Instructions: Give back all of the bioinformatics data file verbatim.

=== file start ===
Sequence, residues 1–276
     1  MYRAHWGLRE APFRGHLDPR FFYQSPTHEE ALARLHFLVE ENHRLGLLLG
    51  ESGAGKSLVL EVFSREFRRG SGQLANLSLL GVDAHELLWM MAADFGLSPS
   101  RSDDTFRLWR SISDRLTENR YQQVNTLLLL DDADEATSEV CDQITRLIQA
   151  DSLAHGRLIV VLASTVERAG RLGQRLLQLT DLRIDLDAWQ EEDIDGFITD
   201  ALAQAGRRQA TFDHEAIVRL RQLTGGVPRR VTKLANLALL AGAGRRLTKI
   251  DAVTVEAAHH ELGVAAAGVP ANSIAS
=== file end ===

Sequence, residues 1–276
     1  MYRAHWGLRE APFRGHLDPR FFYQSPTHEE ALARLHFLVE ENHRLGLLLG
    51  ESGAGKSLVL EVFSREFRRG SGQLANLSLL GVDAHELLWM MAADFGLSPS
   101  RSDDTFRLWR SISDRLTENR YQQVNTLLLL DDADEATSEV CDQITRLIQA
   151  DSLAHGRLIV VLASTVERAG RLGQRLLQLT DLRIDLDAWQ EEDIDGFITD
   201  ALAQAGRRQA TFDHEAIVRL RQLTGGVPRR VTKLANLALL AGAGRRLTKI
   251  DAVTVEAAHH ELGVAAAGVP ANSIAS